LUVUYO Rani was a teacher in Khayelitsha who enjoyed his job and loved his students, but wanted to start his own business.

He saw a growing demand for computers, so he resigned and started selling refurbished computers from the boot of his car.

He launched Silulo Ulutho Technologies in 2004, but soon realised his target market did not understand the technology. So he opened an internet café where he could give Khayelitsha residents access to the internet and where they could learn about computers.

At first, no-one came. "We realised we had recognised a market - but that the market hadn't recognised itself.

"People need technology but we were pitching to a market that simply didn't know how to use what we were offering."

He started offering training courses. At first, the courses were ad hoc - an hour or two each day at the internet café. They eventually became more formalised and today Silulo has 18 computer centres in the Western Cape and five in the Eastern Cape, with plans to expand further and move into franchising. The centres offer training and internet access, as well as sell computers.

The centres also offer support and advice and each one has an internet café with support.

About 300 to 400 people visit the internet cafés each day.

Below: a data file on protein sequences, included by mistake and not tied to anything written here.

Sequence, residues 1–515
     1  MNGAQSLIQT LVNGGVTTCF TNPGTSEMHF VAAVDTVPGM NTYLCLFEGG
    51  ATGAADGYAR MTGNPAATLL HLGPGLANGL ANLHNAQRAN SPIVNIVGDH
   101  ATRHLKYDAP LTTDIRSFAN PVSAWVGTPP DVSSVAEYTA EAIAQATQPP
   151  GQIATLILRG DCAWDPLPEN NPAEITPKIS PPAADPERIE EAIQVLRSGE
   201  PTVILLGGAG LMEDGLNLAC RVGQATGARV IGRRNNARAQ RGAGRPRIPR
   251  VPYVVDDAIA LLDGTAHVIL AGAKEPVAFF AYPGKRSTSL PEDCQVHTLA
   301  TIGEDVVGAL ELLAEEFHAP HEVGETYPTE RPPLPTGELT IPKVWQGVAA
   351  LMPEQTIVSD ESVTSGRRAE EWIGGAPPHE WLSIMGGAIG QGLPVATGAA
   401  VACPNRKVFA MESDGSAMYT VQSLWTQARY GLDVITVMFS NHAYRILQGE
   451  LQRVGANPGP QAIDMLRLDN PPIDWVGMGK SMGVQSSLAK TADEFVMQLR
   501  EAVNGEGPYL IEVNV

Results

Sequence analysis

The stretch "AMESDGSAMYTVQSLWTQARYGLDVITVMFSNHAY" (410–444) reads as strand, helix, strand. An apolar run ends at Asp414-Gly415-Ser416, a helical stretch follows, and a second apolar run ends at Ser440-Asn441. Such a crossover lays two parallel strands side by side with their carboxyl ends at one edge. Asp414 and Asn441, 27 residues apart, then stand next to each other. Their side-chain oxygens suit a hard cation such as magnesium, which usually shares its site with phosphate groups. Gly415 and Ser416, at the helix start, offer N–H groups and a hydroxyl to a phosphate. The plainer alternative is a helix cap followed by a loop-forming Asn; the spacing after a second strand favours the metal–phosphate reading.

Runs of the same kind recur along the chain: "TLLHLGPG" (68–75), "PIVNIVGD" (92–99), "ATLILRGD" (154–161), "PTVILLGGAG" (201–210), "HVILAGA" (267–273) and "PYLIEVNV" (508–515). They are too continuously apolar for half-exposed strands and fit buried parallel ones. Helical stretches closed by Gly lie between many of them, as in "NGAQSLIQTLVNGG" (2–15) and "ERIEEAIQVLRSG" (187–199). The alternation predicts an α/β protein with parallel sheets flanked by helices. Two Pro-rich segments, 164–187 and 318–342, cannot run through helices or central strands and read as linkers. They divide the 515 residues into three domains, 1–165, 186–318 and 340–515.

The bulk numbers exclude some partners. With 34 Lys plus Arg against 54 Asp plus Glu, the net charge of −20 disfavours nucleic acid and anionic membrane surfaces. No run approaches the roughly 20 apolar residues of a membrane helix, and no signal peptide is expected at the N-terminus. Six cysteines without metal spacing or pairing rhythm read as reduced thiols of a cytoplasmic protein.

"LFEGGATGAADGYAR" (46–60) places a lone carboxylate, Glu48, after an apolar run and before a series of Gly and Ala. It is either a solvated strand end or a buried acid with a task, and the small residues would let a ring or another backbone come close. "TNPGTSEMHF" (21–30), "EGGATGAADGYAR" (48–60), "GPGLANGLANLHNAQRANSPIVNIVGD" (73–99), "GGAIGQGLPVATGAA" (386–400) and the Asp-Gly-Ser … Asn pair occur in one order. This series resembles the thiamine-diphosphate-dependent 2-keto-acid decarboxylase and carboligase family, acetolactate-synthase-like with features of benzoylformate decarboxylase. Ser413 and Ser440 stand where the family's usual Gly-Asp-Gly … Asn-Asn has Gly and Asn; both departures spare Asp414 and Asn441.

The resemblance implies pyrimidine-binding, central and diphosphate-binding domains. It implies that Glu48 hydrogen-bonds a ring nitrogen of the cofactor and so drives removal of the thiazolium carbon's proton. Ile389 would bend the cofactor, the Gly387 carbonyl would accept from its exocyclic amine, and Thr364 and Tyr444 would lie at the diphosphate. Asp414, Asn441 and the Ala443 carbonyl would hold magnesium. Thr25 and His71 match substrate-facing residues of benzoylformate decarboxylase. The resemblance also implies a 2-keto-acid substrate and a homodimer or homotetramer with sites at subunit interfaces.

Mr Rani said entrepreneurship is something he has been interested in from a young age. "When I was growing up my mother used to run a shebeen. It shaped me and I wanted to do something around entrepreneurship.

"I don't think I was meant for teaching. I was much more in love with entrepreneurship. It's more about doing something no-one has done and creating employment, and the effect of technology and people learning from us that you can start your business from nothing."

Silulo has gone from strength to strength and 3000 students will be trained this year. Since 2007, Silulo has trained more than 12000.

At one point the business struggled to get funding and was blacklisted. Silulo entered SAB KickStart, an entrepreneurship development programme, and won a grant.

Since then, internet provider MWeb has refurbished five centres for Silulo and cellphone network Vodacom has also entered into a partnership. The Bertha Foundation helped fund five stores.

Rani wants a presence in every province and the plan is to franchise the business by the end of the year.

"It's a huge opportunity. We see ourselves as a great distributor. When you look at rural areas and townships, people are still using old technology. There's not much about m-business [doing business using wireless services] or e-commerce."

Mr Rani, 38, studied at the Cape Peninsula University of Technology and got a diploma in education and technology before teaching accounting and business economics at Kwamfundo High School. He later studied management at UCT's Graduate School of Business.

What advice would he give people starting a business?

Love what you do and remember that you cannot do everything, he said.

It is important to focus and do things to the best of your ability.

And dream big, he added.

Rani has plans to write a book about Silulo tomotivate and inspire others to be entrepreneurial.

"It's my drive to see people running their businesses."

Every six months he takes students from East London and Queenstown to help with projects in the area.

Silulo hosts basic computer courses for high-school students from schools in Khayelitsha during school holidays.

* This article was first published in Sunday Times: Business Times